Originally posted on here at https://lucian.blog. Follow Lucian on Twitter @lucianfrango.


Since this service stumbled on the open web by way of a leak in June 2019 and having used it for a while now in preview plus since its been GA- for me this seems to be the best way to conduct secure remote access to IaaS infrastructure in Azure.

The idea of not having to deploy any internet accessible infrastructure (not having to open up TCP22 or TCP3389) to the avalanche of 1337 h4x0rs trying to gain access to anything and everything on those ports is great news. Awesome news. Amazing in fact!

For now though (as of late January 2020), FYI THIS IS IMPORTANT (in bold capitals so you know its really important), Bastion has a limiting feature that is frustrating (of course theres numerous limiting factors, but this one is particularly annoying). Let me explain…

When Bastion is deployed, that is done in a VNet with a requirement of a dedicated AzureBastionSubnet as part of the build/initial setup. No, having to deploy a dedicated subnet is not annoying. Just carve off a /27 subnet from the address space and away it goes.

Whats annoying is that other requirement in having to deploy Bastion in a VNet. With that said- Azure Bastion isn’t transitive (much like how VNets are) so it’s scope cannot extend beyond a single VNet. ANNOYING.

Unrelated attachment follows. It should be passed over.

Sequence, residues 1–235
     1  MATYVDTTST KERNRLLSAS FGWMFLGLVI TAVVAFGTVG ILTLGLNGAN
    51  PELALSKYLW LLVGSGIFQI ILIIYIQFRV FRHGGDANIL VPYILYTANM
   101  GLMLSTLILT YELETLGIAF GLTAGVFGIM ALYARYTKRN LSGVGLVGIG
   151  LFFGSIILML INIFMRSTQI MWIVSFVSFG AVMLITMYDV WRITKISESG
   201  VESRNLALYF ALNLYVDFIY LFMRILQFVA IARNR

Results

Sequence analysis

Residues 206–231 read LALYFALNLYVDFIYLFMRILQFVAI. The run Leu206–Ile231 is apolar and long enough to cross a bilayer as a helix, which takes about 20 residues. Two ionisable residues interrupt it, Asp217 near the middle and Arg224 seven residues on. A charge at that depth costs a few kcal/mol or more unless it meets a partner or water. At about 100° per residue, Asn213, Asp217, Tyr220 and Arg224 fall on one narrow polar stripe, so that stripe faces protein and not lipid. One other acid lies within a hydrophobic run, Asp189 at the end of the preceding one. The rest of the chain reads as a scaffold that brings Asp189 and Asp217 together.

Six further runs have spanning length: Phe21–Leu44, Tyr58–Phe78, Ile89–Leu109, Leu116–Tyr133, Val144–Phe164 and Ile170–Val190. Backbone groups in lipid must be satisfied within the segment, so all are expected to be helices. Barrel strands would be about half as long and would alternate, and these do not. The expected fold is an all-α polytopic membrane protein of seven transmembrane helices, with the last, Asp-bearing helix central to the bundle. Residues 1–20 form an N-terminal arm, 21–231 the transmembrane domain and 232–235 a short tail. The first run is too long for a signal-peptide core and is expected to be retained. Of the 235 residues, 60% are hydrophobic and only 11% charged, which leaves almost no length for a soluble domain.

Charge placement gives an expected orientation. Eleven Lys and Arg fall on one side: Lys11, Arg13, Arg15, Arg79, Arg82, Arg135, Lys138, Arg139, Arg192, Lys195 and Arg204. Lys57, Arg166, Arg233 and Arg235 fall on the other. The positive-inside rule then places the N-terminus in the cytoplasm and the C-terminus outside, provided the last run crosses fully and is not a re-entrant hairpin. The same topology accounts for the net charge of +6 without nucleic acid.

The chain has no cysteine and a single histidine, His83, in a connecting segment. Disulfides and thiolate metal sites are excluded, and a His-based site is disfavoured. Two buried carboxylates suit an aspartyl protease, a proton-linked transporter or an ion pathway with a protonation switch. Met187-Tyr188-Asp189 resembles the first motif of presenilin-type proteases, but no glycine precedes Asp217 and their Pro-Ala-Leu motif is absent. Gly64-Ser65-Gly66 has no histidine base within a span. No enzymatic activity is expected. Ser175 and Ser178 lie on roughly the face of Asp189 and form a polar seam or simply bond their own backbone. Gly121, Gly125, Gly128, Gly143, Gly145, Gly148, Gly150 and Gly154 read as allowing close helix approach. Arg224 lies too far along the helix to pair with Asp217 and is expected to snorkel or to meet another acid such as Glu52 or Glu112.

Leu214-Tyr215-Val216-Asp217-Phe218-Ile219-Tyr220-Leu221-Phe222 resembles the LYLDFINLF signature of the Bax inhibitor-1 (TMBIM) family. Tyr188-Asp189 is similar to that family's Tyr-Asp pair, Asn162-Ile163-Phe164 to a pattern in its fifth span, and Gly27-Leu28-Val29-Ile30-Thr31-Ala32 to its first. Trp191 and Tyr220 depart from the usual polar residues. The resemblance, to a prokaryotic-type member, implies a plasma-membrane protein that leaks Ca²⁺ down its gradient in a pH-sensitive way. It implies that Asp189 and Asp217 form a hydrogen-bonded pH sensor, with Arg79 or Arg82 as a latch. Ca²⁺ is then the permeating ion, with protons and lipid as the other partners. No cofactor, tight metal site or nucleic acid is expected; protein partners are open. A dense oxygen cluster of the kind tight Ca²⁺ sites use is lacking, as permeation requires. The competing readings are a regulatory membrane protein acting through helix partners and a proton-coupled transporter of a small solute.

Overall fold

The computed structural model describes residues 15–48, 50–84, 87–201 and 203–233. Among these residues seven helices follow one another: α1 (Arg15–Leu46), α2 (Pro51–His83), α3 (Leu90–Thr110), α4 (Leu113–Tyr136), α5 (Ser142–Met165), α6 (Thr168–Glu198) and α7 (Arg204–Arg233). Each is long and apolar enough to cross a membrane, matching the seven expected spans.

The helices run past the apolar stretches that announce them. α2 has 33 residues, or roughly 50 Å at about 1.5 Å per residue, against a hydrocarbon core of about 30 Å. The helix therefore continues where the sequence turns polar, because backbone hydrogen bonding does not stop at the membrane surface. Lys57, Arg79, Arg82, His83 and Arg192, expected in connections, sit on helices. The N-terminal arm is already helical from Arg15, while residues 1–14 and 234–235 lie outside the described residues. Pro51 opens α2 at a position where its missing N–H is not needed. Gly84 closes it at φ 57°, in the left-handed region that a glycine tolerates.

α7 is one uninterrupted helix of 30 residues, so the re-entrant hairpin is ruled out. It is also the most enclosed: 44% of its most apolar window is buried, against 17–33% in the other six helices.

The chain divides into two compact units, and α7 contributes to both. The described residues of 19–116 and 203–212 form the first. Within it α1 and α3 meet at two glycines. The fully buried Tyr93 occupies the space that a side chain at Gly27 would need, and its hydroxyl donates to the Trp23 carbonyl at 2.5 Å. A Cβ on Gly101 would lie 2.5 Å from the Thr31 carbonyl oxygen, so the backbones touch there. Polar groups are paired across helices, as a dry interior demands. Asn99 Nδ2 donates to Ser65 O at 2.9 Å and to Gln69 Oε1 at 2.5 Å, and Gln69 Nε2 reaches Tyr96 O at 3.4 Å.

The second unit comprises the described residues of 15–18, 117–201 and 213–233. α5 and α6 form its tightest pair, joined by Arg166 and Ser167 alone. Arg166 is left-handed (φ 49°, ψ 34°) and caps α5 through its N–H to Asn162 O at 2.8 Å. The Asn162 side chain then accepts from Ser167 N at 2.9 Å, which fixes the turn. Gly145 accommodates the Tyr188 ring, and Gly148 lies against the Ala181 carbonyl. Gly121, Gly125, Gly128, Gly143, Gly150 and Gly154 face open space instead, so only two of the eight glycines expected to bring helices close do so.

In other words, should you have many VNets, which I am certain you certainly do dear reader, you’ll be up for deploying many Bastions (a 1-to-1 ratio in fact if you need to remote manage any instances in all of those VNets). Most customers I work with have a large Azure footprint and a single VNet is rare. Most customers in fact reply on a Hub and Spoke network topology with centralised firewall services in the Hub.

So for now, that makes using Bastion cumbersome. You need to have a strong naming convention to know which Bastion to pick thats related to whichever VNet.

In an ideal world, the transitive limitation would be removed and you could have Bastion deployed in a Hub VNet (in some kind of logical management zone), and remote to VM instances in both the Hub and all the Spoke VNets of the environment.

 

If you agree, which I hope you do, maybe jump onto here and give it a few up votes and hopefully sometime in 2020 we’ll see Bastion a bit more useful:

https://feedback.azure.com/forums/217313-networking/suggestions/38002603-bastion-supporting-vnet-peering-for-hub-spoke-de.

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Azure Infrastructure
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